SCHERING'S OTC WEIGHT LOSS PRODUCT FIBRE TRIM SALES REACH $44 MIL. IN FIVE MONTHS; NORMODYNE SALES NOW ANNUALIZING AT $25 MIL., KOGAN TELLS ANALYSTS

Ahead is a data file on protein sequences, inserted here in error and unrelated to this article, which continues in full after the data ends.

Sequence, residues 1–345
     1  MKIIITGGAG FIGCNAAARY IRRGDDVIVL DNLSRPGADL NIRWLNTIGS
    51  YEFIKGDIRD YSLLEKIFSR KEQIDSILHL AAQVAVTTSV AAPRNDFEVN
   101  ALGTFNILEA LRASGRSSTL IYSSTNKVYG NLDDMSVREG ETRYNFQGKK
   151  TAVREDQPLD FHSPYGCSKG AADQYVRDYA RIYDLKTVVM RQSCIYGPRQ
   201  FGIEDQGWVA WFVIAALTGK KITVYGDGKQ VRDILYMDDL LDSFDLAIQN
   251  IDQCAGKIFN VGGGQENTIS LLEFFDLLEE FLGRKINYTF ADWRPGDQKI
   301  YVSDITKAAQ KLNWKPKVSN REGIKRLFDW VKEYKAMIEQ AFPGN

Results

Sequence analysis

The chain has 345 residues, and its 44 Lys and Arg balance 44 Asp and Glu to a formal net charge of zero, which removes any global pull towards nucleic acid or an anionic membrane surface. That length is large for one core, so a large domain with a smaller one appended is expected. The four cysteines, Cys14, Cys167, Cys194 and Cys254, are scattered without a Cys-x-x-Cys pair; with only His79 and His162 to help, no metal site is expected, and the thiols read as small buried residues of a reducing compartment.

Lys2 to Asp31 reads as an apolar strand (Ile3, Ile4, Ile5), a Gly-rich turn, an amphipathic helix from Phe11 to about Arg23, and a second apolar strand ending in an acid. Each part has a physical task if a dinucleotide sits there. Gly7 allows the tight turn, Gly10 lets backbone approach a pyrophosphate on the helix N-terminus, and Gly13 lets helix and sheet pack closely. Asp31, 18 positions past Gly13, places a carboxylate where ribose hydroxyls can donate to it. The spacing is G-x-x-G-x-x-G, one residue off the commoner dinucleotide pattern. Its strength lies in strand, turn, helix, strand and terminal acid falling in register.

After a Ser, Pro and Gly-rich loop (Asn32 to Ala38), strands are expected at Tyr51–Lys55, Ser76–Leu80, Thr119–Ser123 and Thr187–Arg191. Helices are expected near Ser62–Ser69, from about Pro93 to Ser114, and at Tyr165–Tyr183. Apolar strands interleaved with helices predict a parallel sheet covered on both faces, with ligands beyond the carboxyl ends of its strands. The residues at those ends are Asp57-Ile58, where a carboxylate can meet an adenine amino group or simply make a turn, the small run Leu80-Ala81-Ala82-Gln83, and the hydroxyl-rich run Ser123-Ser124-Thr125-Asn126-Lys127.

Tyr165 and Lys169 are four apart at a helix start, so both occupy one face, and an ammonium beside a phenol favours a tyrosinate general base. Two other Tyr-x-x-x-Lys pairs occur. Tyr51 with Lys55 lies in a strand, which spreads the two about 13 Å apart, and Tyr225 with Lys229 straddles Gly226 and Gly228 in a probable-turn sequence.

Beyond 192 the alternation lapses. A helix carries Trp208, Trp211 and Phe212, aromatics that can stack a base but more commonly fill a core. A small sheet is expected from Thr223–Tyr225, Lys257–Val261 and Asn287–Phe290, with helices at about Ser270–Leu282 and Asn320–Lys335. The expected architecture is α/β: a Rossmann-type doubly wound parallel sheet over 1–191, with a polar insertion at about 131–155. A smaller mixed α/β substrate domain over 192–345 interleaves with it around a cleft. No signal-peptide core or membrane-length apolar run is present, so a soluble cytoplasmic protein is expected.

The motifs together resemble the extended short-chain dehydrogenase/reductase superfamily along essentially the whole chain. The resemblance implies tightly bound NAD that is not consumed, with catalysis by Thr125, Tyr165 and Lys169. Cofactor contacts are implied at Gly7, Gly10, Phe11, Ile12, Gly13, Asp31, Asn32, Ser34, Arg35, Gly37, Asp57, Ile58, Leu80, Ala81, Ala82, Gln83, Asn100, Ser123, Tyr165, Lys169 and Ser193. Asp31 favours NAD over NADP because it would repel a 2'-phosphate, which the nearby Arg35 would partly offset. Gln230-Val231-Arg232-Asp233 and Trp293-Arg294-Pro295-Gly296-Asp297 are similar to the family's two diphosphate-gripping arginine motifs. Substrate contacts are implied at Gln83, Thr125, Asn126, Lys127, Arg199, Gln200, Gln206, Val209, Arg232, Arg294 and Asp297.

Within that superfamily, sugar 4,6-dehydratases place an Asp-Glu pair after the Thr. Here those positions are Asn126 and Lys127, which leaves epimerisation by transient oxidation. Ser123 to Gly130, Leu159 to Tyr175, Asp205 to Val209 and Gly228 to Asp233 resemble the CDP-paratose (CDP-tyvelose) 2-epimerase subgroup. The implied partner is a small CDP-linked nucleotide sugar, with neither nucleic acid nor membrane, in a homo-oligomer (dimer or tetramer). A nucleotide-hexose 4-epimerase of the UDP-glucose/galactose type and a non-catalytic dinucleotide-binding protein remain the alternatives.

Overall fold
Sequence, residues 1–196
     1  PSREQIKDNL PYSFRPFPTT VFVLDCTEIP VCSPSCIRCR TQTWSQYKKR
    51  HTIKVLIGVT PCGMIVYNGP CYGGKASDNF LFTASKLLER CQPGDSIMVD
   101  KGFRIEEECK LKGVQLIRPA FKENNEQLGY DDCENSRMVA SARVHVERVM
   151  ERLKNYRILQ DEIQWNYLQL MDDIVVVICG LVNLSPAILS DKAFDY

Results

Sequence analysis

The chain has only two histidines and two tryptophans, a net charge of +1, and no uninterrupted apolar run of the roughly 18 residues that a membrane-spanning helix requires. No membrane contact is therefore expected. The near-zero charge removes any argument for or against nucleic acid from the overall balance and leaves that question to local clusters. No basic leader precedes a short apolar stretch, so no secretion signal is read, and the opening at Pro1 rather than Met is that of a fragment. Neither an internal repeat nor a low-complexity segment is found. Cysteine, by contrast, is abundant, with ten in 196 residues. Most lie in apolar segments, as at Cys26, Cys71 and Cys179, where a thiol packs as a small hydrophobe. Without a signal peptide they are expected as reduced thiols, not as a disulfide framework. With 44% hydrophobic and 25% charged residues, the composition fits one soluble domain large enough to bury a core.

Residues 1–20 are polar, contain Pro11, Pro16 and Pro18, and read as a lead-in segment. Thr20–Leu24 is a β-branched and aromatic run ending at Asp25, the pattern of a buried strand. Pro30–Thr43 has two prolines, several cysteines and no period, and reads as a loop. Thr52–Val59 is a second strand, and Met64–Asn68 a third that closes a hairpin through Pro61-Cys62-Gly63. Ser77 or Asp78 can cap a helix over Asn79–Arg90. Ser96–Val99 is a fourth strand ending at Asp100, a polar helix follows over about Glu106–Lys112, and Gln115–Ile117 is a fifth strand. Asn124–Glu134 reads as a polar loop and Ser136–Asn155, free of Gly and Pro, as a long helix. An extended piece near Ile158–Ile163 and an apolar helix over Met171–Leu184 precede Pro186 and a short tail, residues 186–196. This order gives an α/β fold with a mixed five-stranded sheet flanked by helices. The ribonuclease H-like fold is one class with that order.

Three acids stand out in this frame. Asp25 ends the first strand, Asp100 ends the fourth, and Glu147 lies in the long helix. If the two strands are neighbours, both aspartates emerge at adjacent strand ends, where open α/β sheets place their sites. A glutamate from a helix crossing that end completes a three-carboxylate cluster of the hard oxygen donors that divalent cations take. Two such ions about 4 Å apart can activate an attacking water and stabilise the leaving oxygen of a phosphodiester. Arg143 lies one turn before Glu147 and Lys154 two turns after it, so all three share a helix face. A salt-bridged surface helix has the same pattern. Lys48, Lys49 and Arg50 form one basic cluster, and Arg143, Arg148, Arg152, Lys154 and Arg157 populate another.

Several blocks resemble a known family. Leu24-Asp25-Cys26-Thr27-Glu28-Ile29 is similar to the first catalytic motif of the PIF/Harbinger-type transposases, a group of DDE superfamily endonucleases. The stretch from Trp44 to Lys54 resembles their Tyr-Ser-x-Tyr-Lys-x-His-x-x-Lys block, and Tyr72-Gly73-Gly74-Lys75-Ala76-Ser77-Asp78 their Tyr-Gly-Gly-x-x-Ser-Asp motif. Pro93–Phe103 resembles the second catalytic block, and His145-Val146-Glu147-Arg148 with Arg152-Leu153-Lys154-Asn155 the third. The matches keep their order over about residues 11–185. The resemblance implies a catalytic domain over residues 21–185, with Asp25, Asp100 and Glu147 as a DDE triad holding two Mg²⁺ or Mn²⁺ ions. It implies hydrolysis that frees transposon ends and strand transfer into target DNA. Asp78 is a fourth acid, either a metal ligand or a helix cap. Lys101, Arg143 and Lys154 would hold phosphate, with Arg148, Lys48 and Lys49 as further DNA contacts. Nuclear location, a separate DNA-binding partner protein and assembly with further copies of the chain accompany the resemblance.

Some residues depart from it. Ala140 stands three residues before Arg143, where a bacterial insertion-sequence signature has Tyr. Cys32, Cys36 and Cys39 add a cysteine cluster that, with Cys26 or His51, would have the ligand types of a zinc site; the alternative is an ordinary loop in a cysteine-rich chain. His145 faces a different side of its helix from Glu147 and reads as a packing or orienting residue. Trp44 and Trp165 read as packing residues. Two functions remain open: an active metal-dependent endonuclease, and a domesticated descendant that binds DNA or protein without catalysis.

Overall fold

Schering-Plough's new OTC weight loss product Fibre Trim generated $44 mil. in sales in the product's first five months on the market, Schering President Richard Kogan said in a June 11 presentation at an Alex Brown & Sons health care seminar in Baltimore. "A significant success story now in the making is Fibre Trime -- our fruit and fibre weight control aid," Kogan remarked. "We introduced Fibre Trim in late 1985, actually in the last two weeks of December, and sales through May have been $44 mil., which far exceeds expectations. Fibre Trim has already captured about 20% of its market." In its first year on the market, Schering's Fibre Trim brand appears to be on its way to topping $100 mil. in sales. Boosted by the Fibre Trim launch and increased consumer promotion, Schering's OTC sales were up 42% in the first quarter of 1986, Kogan said. As an example of the firm's stepped up OTC marketing effort, Kogan noted that Chlortrimeton, is currently the subject of a national television ad campaign. The product was detailed ethically to MDs prior to the ad campaign. Schering Nonsedating, One-A-Day Antihistamine Loratidine Approaching Completion Of Phase III Trials In the Rx area, Kogan reported that Schering's alpha-beta blocker Normodyne (labetolol), comarketed with Glaxo, is now annualizing at $25 mil. in the U.S. Normodyne generated approximately $15 mil. in sales in the U.S. in 1985, the product's first full year on the market. "Normodyne has surpassed its sales goal since its introduction in 1984," Kogan said. New Rxs written for the product are "up 45% over the prior year," he added. Schering should soon have a diuretic combo line extension of Normodyne available, to be called Normozide. In late February, both Schering and Glaxo received approvable letters from the FDA for a labetolol/hydrochlorothiazide product. Also in the cardiovascular area, Schering will soon be ready to file an NDA for the company's vasodilating beta blocker delivalol. Kogan said that an NDA for the drug will be submitted "this year." Kogan indicated that Schering expects the planned acquisition of Key to directly benefit Schering's position in the cardiovascular field. Schering's U.S. clinical development of the non-sedating antihistamine, loratidine, is now being completed, Kogan said. Once approved, loratidine will compete with Merrell Dow's Seldane (terfenadine), currently the only such antihistamine on the market, as well as entries from J&J (Hismanal) and Robins (mequitizone), now in clinicals. Kogan predicted that Schering's loratidine "should do well as it will be the only once-a-day product in its market." Loratidine also fits into Schering's relatively strong asthma/allergy business led by Proventil, the firm's largest selling product in the U.S. Schering is currently building on its Proventil franchise through line extensions -- a syrup for the pediatric market launched in January and a one-a-day dosage form pending approval at FDA. In the biotech area, Kogan highlighted the cloning of two T-cell factors at the company's DNAX subsidiary -- granulocyte macrophage-colony stimulating factor and interleukin-4. The latter protein, Kogan explained, "causes proliferation of antibody-producing B-cells and enhances the proliferation of . . . T-cells and granulocytes." Kogan said that Schering is developing both of these products "on a fast track basis."
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